As “Filipinas” during the Spanish time (1571–1898) was an inscrutable blend of East and West, so were its traditions, customs, and manners. Picking one’s teeth with a little wooden stick at table was a horror in proper European households but perfectly acceptable in affluent Asian ones. It was an Oriental legacy, after all.
During the second quarter of the prosperous 1800s in “Filipinas,” the simple wooden stick was Europeanized, Hispanized, Sinicized —glamourized if you will — by making it sprout with exquisite leaves and flowers, fruits and birds, and other delightful conceits, all of painstaking whittlework (actual examples exist in the Luis Ma Araneta collection). They were so remarkable they were repurposed by well–dressed gentlemen as boutonnieres during dinners and balls.
All that Victorian capriciousness was taken a step further with the creation of whimsical stands, rendered in solid silver, to better display those fantasies. Affluent Manileños (specially in the rich “arrabales” of San Sebastian, Santa Cruz, Binondo, and Tondo), Bulaqueños, Pampangueños, Laguna Tagalogs, Batangueños, and Caviteños commissioned their family silversmiths to produce the fashionable table decorations, usually in pairs, sometimes by the dozen. Between 1825 to 1850, the unusual and fantastical dining table decoration called “Palitera” was born.
“Palitera” [derived from “Palitos”] was a Filipinism, since the proper Spanish term was “Palillera.” The “Palitera” was not an exclusive Filipino phenomenon as similar antique examples of “Palilleras” exist all over Latin America. In the early 1990s, Mme Teresa Battesti, curator of the Musee de l’Homme in Paris, recalled to a Filipino group that included this writer, Joey Panlilio, and Patis Pamintuan–Tesoro that three feet–tall examples of silver “Palilleras” existed in Buenos Aires, Argentina.
However, what makes Filipino “Paliteras” very special is the unmistakable painstaking native sensibility (“pagka–Pilipino” as per the late antiquarian Ramon N. Villegas) manifested in the rotund shapes, renditions of local flowers and leaves, exquisite piercework panels, and hidden details and structures (all of which took hours and hours of work), aside from the fact that so few have survived from the 1800s. Like the ownership of a genuine “Batangas Uno” mesa altar and a “Kamagong Manila Aparador,” possession of an antique silver “Palitera” confers considerable cachet in the highest and most serious circle of Manila’s art and antique collectors.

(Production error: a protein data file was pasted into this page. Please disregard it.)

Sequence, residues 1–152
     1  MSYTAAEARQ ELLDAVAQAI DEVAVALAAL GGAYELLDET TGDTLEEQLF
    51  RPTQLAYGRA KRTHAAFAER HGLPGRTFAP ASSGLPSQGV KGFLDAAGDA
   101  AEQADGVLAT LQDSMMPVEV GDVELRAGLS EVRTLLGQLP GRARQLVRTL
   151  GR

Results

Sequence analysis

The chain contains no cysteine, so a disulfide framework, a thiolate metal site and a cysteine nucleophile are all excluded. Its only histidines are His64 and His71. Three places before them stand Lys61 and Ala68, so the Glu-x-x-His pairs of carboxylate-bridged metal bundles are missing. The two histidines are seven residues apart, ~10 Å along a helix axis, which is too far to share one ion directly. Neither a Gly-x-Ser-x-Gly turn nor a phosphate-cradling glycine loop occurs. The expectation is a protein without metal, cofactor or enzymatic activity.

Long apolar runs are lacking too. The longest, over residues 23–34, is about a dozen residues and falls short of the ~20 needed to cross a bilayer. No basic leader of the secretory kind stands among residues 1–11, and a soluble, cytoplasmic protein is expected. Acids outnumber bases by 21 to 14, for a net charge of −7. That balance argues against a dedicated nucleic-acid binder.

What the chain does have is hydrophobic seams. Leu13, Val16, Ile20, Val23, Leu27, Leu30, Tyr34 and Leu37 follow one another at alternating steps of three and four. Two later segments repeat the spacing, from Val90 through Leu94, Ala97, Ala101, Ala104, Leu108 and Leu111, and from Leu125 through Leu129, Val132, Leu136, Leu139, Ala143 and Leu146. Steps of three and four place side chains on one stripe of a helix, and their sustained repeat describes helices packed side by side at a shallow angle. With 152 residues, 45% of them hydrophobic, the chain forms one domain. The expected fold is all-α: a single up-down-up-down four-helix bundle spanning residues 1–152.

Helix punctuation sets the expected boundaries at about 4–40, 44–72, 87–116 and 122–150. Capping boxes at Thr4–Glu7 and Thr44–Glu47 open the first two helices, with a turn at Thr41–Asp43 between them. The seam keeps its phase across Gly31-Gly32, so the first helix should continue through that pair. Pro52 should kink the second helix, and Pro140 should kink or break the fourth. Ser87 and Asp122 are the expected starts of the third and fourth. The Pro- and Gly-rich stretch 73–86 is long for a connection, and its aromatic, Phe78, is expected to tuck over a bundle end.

A rich family’s “paliteras” made their appearance on the formal dining table during the annual town “fiesta,” the owners’ birthday celebrations, and other occasions for showing off. They were never displayed as is, but bedecked and burdened with a slew of wooden toothpicks carved at the ends with flowers and leaves, birds and vases, and entire forests which made them look like floral bouquets at a distance.
Sometimes in even richer households, the wooden toothpicks were inserted at the ends of solid silver toothpicks which were just as fancy, making a more elaborate display.
The height of Victorian opulence was achieved in coffee export–rich 1880s Lipa town, Batangas where the toothpicks were —hold your breath—of solid gold. That simply couldn’t be outdone. On the table, aside from the “paliteras,” were displayed the family’s French centerpieces of sterling silver and crystal, groaning with imported fruits and some local flowers, Cristal Baccarat candelabra, as well as large baskets of flowers and fruits entirely in clear and colored spun sugar strictly in the French style ala Antonin Careme, which resembled Murano and Bohemia glass chandeliers, ordered from expert confectioners.
Atty Daniel R Williams (Private Secretary to Commissioner Bernard Moses; later, became Secretary of the Commission) in his book “The Odyssey of the Philippine Commission” (A C MacClurg & Co, 1913) remembered a surprisingly sumptuous dinner given for the Taft Commission (The Second Philippine Commission) by the Arnedo–Sioco family at their Sulipan, Apalit, Pampanga residence in 1900:
“Our arrival was the signal for an early visit from the village presidente and other leading citizens... There was also a procession of native women bearing gifts of fruits, dulces and various eatables... We ate to the accompaniment of a native band which persisted in serenading us during the entire meal... Our reception was a royal one, the ritual of hospitality among these people reduced to a fine art... Dinner was served at eight, and it was indeed a feast to remember. A great mahogany table glittered with the finest china and linen, its entire length set off by massive bouquets, pyramids of fruits, wonderfully ornamented cakes and stands of most elaborately carved toothpicks. The number and variety of courses were amazing, creating a sense of wonder as to where and how they were all produced. There were wines of all kinds and color, the effect of which doubtless added to the conviviality of the occasion.”
Thus did “Filipinas” entertain. Magnificently.
[The Palitera is one of the highlights of the Leon Gallery Spectacular Midyear Auction happening this June 5, co-presented by ANCX.ph, the urban man’s guide to culture and style, and the lifestyle website of the ABS-CBN News Channel. A preview is ongoing at León Gallery up to June 4, from 9 AM to 7 PM. For additional information, email firstname.lastname@example.org or contact +632 8856 2781. To browse The Spectacular Mid-Year Auction catalog, visit www.leon-gallery.com.]
Photos courtesy of Leon Gallery